It wasn’t immediately clear what prompted Mr. Wu’s comments Tuesday, though the timing suggests he may have been responding to the recent launch of the Shanghai monitoring station.

The U.S. Embassy declined to comment on Mr. Wu’s allegations that the air quality monitoring stations were a violation of the Vienna Convention.

Online reaction to the comments on Tuesday afternoon suggested Chinese Internet users didn’t exactly share Mr. Wu’s concerns about diplomatic protocol.

“Can’t the Ministry of Environmental Protection just control the air quality? What’s the point in flapping your gums?” wrote one user of the popular Twitter-like microblogging service Sina Weibo.

“Does that mean we’re interfering in other countries’ internal affairs when we broadcast the global weather forecast?” asked another. “Are we promoting hegemonism?”

China announced in late February that it planned to include PM2.5 readings in national air quality standards and would expand monitoring of the smaller particles to all cities at the prefecture level or above by 2015. Still unclear, however, is how much of that data will be made public.

Monday, June 04, 2012

Waste Management Problems in Tourist Resorts of India

...Most hotels try to maximise the number of rooms, even if they block the best views of the Himalayan peaks in the process. The three major resorts are fast becoming concrete jungles.

With tourists from all over India and the world moving into Kashmir in droves, rubbish now threatens not just the ecology but the tourism industry itself. Environmentalists are already expressing their concerns about the policy paralysis.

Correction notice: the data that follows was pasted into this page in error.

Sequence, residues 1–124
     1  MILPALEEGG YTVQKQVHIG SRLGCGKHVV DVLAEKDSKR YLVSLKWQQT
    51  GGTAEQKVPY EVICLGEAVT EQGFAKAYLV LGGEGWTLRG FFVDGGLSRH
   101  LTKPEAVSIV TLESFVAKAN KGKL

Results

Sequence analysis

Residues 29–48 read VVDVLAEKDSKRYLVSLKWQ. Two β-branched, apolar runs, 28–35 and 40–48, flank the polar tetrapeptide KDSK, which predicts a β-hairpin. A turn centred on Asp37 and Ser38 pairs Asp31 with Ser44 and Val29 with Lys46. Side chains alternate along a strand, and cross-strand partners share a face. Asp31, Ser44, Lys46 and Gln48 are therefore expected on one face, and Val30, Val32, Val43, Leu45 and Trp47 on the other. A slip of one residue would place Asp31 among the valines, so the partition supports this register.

Environmental experts maintain that construction should be prohibited within these resorts. But the government has not only allowed construction of hotels right on the most scenic spots, but has also failed to provide adequate disposal systems for solid and liquid waste...

Read more on China Dialogue.

Spare the Air Campaign in San Francisco

The Spare the Air Program was established by the Bay Area Air Quality Management District to educate people about air pollution and to encourage them to change their behavior to improve air quality.

On this site (Spare the Air Campaign) you will find daily air quality forecasts for the Bay Area, information about air pollution and its health effects, opportunities for community members and employees join up to prevent pollution, clean air tips, and a variety of other educational resources.

Water Consumers of the World (Informatics)


Click to enlarge view. More on Scientific American.

How Climate Change May Impact Electricity Supplies (Scientific American)

Listen to the podcast on Scientific American (June 3rd, 2012)